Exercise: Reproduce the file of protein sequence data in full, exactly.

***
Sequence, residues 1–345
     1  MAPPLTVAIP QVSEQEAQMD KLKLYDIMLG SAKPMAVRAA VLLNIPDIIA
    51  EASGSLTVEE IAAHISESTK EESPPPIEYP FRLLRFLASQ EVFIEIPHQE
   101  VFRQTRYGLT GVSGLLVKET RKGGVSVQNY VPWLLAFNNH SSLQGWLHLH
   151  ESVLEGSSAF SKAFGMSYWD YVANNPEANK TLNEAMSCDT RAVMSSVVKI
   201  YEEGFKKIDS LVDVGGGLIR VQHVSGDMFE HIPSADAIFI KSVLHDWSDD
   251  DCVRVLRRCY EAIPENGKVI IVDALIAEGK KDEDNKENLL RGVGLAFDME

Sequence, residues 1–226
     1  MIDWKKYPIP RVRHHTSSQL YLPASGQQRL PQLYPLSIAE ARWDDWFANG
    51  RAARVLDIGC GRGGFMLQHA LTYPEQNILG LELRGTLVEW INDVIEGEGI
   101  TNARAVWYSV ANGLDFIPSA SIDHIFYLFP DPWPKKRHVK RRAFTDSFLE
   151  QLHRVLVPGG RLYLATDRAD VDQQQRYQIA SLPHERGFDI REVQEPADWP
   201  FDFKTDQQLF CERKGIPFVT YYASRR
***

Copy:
Sequence, residues 1–345
     1  MAPPLTVAIP QVSEQEAQMD KLKLYDIMLG SAKPMAVRAA VLLNIPDIIA
    51  EASGSLTVEE IAAHISESTK EESPPPIEYP FRLLRFLASQ EVFIEIPHQE
   101  VFRQTRYGLT GVSGLLVKET RKGGVSVQNY VPWLLAFNNH SSLQGWLHLH
   151  ESVLEGSSAF SKAFGMSYWD YVANNPEANK TLNEAMSCDT RAVMSSVVKI
   201  YEEGFKKIDS LVDVGGGLIR VQHVSGDMFE HIPSADAIFI KSVLHDWSDD
   251  DCVRVLRRCY EAIPENGKVI IVDALIAEGK KDEDNKENLL RGVGLAFDME

Sequence, residues 1–226
     1  MIDWKKYPIP RVRHHTSSQL YLPASGQQRL PQLYPLSIAE ARWDDWFANG
    51  RAARVLDIGC GRGGFMLQHA LTYPEQNILG LELRGTLVEW INDVIEGEGI
   101  TNARAVWYSV ANGLDFIPSA SIDHIFYLFP DPWPKKRHVK RRAFTDSFLE
   151  QLHRVLVPGG RLYLATDRAD VDQQQRYQIA SLPHERGFDI REVQEPADWP
   201  FDFKTDQQLF CERKGIPFVT YYASRR